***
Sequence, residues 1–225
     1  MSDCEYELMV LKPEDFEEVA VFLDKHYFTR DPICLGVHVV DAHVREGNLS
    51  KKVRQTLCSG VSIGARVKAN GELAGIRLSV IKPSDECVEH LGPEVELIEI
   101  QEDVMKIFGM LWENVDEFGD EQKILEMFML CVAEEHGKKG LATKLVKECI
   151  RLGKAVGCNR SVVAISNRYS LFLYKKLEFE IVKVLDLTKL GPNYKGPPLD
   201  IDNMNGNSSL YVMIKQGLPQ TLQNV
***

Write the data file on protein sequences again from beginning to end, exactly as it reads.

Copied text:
Sequence, residues 1–225
     1  MSDCEYELMV LKPEDFEEVA VFLDKHYFTR DPICLGVHVV DAHVREGNLS
    51  KKVRQTLCSG VSIGARVKAN GELAGIRLSV IKPSDECVEH LGPEVELIEI
   101  QEDVMKIFGM LWENVDEFGD EQKILEMFML CVAEEHGKKG LATKLVKECI
   151  RLGKAVGCNR SVVAISNRYS LFLYKKLEFE IVKVLDLTKL GPNYKGPPLD
   201  IDNMNGNSSL YVMIKQGLPQ TLQNV